Fordon History, Family Crest & Coats of Arms
- Origins Available:
The vast movement of people that followed the Norman Conquest of England of 1066 brought the Fordon family name to the British Isles. They lived in Essex, in the town of Fordham. Ancient records reveal the name Fordon is derived from the Old English ford, which means ford, and ham, which means homestead. Towns bearing this name also exist in Norfolk and Cambridgeshire. Fordham Essex is arguably the most important of these towns, but all were held by Norman nobles in the 11th century.
Early Origins of the Fordon family
The surname Fordon was first found in Essex where they held a family seat as Lords of the Manor of Fordham. In the Domesday Book,  a survey of England undertaken for Duke William of Normandy in 1086 A.D. after his conquest of England at Hastings in 1066, there were three villages or manors named Fordham, one in Cambridgeshire, one in Norfolk and one in Essex, all were held by Norman nobles.
The one which was most influential and gave rise to the name Fordham was that of Fordham in Essex which was held by William de Warrene and others. In the survey of 1086 the village consisted of a Mill, 6 Beehives, and 25 goats. It was the Norman custom that the senior son should continue the main line name, but that the second son should adopt the name of the manor.
"A small Gilbertine priory was founded in the reign of Henry III., by Sir Robert de Fordham, [in Fordham, Cambridgeshire] as a cell to the great monastery of the same order at Sempringham, in Lincolnshire; but scarcely a vestige remains."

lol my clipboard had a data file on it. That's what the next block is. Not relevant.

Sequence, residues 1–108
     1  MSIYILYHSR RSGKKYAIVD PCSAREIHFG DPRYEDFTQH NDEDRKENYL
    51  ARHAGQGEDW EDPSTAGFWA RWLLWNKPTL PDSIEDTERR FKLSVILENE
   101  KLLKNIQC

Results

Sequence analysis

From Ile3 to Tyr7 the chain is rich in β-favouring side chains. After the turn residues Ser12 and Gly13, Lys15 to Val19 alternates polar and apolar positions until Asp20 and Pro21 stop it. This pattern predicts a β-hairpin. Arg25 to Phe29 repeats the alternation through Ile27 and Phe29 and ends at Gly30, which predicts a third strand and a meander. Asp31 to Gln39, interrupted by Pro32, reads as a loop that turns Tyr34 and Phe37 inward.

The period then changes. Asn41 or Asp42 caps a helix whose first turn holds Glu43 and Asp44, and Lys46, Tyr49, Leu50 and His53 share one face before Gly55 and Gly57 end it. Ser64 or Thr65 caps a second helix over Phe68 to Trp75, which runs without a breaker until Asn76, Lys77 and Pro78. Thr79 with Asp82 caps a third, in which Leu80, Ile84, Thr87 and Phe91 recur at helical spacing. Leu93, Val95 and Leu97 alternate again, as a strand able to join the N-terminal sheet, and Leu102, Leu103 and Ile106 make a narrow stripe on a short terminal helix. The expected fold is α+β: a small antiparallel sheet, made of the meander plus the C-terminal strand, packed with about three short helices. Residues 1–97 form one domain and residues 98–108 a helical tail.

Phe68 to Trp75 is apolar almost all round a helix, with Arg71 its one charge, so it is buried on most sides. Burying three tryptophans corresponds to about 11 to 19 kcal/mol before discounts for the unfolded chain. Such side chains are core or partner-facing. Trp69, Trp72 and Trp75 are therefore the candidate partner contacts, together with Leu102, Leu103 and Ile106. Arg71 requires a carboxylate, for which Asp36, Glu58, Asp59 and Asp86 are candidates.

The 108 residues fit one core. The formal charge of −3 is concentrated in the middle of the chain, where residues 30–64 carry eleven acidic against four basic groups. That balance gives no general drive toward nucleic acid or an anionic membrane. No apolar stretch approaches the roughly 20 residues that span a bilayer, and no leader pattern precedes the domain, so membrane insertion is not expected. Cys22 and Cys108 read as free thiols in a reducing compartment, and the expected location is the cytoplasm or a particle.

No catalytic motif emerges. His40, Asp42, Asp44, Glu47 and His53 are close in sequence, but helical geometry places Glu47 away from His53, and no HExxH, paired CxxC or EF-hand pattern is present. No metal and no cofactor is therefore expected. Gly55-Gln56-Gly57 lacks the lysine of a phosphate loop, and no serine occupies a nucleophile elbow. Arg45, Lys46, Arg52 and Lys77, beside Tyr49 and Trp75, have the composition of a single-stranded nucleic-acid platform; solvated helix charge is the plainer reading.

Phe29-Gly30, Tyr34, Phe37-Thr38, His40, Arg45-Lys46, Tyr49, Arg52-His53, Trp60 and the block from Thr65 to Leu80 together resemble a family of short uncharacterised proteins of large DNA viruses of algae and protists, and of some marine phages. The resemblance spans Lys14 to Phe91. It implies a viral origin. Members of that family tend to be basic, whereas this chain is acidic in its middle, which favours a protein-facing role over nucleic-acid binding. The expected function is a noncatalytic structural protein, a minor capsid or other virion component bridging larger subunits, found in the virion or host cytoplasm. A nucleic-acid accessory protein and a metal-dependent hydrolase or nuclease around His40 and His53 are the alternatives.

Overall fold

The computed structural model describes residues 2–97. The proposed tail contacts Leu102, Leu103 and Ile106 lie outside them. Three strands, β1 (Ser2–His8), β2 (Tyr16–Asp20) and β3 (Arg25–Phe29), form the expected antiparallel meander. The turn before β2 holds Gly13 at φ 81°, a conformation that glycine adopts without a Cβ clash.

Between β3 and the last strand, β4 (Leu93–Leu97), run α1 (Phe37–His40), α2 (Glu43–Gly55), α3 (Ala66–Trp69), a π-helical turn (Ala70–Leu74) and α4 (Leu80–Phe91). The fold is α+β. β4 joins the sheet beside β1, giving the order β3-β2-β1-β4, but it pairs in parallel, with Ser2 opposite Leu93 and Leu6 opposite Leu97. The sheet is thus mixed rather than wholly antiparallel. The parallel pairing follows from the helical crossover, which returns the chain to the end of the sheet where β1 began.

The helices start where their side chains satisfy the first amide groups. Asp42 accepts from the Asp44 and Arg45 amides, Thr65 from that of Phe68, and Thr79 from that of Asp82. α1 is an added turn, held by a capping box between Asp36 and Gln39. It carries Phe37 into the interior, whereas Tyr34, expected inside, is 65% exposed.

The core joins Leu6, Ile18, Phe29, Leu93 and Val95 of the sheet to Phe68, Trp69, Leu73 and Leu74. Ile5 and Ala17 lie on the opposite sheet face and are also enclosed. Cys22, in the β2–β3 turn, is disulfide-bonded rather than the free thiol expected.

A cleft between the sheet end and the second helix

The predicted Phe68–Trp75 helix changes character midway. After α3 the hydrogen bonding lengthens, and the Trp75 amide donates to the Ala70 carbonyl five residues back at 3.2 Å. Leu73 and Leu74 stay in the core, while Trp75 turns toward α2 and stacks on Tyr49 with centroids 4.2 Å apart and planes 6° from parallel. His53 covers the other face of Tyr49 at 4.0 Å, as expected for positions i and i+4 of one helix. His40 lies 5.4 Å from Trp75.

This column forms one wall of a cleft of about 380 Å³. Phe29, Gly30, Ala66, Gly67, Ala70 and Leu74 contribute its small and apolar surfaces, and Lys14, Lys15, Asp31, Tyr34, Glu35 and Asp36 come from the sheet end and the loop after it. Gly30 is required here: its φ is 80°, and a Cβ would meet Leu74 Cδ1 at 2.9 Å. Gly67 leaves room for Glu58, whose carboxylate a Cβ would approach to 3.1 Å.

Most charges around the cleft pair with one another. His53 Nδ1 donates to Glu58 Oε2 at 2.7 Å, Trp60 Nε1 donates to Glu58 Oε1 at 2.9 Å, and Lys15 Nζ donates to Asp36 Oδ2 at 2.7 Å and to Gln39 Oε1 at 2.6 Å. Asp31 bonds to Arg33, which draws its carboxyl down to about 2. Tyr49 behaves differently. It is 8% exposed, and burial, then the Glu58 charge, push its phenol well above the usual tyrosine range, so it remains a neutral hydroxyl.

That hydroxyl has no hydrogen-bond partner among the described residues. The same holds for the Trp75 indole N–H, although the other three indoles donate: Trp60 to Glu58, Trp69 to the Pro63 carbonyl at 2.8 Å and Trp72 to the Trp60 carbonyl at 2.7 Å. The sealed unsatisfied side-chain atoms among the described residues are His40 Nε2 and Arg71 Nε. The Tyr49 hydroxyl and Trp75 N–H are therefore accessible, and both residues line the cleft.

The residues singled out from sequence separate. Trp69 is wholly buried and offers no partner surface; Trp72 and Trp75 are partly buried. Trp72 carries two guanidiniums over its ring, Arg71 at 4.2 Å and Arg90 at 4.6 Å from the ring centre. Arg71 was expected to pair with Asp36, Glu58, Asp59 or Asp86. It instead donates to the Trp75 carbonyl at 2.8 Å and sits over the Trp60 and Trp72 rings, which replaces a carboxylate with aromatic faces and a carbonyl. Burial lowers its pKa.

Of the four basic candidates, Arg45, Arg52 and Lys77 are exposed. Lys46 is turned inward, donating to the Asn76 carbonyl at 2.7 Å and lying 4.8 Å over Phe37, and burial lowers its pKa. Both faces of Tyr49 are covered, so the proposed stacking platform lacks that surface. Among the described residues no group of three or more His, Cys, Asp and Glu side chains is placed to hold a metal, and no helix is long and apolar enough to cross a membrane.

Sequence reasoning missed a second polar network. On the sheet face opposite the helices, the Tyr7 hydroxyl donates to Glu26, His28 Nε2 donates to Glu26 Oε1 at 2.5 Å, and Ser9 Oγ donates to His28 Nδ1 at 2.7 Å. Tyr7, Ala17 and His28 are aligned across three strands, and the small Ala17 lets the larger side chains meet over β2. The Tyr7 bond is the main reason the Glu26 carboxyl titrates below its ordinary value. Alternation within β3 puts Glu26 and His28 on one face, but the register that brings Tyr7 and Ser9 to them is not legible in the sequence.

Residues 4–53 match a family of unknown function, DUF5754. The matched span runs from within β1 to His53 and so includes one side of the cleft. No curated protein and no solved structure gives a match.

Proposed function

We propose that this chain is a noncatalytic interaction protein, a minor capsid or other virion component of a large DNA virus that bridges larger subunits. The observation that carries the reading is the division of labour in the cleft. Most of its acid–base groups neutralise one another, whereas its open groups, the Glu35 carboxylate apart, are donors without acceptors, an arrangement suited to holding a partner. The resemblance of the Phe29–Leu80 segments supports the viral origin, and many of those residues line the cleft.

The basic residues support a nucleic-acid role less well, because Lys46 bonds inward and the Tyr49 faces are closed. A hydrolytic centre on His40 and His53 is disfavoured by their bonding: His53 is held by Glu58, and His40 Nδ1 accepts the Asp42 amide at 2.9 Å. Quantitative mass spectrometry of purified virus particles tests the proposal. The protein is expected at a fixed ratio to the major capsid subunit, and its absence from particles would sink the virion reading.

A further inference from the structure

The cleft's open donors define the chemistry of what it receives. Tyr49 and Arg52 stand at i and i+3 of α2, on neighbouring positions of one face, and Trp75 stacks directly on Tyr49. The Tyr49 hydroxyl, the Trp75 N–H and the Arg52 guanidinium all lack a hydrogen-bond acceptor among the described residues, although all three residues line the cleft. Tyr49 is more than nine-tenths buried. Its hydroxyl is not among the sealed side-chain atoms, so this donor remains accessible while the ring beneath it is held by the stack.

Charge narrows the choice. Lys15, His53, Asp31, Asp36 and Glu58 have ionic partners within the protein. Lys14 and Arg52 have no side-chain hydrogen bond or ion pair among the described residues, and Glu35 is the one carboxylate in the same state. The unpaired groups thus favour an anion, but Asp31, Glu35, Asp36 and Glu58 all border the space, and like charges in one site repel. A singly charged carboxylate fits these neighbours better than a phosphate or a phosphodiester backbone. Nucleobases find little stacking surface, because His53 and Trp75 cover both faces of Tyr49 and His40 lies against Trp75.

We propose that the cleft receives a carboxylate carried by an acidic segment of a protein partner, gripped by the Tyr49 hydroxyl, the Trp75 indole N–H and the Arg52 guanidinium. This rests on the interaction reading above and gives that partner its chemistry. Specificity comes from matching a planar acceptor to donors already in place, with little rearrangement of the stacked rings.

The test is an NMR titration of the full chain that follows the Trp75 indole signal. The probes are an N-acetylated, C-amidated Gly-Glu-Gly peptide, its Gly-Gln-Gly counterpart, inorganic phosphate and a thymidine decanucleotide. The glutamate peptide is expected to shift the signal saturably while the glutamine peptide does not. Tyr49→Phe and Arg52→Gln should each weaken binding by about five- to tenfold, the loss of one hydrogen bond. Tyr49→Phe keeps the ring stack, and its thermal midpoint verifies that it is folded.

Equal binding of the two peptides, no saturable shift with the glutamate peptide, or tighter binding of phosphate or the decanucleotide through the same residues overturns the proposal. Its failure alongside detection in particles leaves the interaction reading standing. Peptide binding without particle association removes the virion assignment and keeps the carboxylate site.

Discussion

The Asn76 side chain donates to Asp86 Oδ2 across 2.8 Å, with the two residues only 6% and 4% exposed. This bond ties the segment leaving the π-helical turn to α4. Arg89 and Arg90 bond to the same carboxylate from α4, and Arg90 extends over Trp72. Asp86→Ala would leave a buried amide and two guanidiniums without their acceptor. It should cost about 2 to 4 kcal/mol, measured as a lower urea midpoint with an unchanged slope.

John Fordun (d. 1384?), was the writer upon whom Walter Bower based the earlier part of his great work, the 'Scotichronicon.' Fordun wrote fifteen of the first twenty-three chapters of book. 
Early History of the Fordon family
This web page shows only a small excerpt of our Fordon research. Another 78 words (6 lines of text) covering the year 1388 is included under the topic Early Fordon History in all our PDF Extended History products and printed products wherever possible.
Fordon Spelling Variations
Anglo-Norman names are characterized by a multitude of spelling variations. When the Normans became the ruling people of England in the 11th century, they introduced a new language into a society where the main languages of Old and later Middle English had no definite spelling rules. These languages were more often spoken than written, so they blended freely with one another. Contributing to this mixing of tongues was the fact that medieval scribes spelled words according to sound, ensuring that a person's name would appear differently in nearly every document in which it was recorded. The name has been spelled Fordham, Fordeham, Fordsham, Fordesham, Fordam and others.
Early Notables of the Fordon family
More information is included under the topic Early Fordon Notables in all our PDF Extended History products and printed products wherever possible.
Migration of the Fordon family
For many English families, the political and religious disarray that plagued their homeland made the frontiers of the New World an attractive prospect. Thousands migrated, aboard cramped disease-ridden ships. They arrived sick, poor, and hungry, but were welcomed in many cases with far greater opportunity than at home in England. Many of these hardy settlers went on to make important contributions to the emerging nations in which they landed. Among early immigrants bearing the name Fordon or a variant listed above were: Robert Fordham who settled in Massachusetts in 1635; Edward Fordham settled in Rappahannock Virginia in 1728; George Fordham settled in Pennsylvania in 1773.
- Williams, Dr Ann. And G.H. Martin, Eds., Domesday Book A Complete Translation. London: Penguin, 1992. Print. (ISBN 0-141-00523-8)
- Lewis, Samuel, A Topographical Dictionary of England. Institute of Historical Research, 1848, Print.
- Smith, George (ed), Dictionary of National Biography. London: Smith, Elder & Co., 1885-1900. Print